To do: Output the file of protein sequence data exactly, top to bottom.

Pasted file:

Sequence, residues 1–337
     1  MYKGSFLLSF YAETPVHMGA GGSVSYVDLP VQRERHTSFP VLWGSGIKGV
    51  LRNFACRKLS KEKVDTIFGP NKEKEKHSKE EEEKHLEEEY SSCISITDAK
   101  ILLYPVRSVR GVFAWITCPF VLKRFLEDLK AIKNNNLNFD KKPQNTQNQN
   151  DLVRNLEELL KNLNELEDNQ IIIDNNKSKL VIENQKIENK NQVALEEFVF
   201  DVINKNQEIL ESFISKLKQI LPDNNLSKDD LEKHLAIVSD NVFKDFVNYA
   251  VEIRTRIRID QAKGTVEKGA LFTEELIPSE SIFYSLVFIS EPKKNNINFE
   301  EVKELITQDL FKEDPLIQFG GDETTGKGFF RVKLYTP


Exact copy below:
Sequence, residues 1–337
     1  MYKGSFLLSF YAETPVHMGA GGSVSYVDLP VQRERHTSFP VLWGSGIKGV
    51  LRNFACRKLS KEKVDTIFGP NKEKEKHSKE EEEKHLEEEY SSCISITDAK
   101  ILLYPVRSVR GVFAWITCPF VLKRFLEDLK AIKNNNLNFD KKPQNTQNQN
   151  DLVRNLEELL KNLNELEDNQ IIIDNNKSKL VIENQKIENK NQVALEEFVF
   201  DVINKNQEIL ESFISKLKQI LPDNNLSKDD LEKHLAIVSD NVFKDFVNYA
   251  VEIRTRIRID QAKGTVEKGA LFTEELIPSE SIFYSLVFIS EPKKNNINFE
   301  EVKELITQDL FKEDPLIQFG GDETTGKGFF RVKLYTP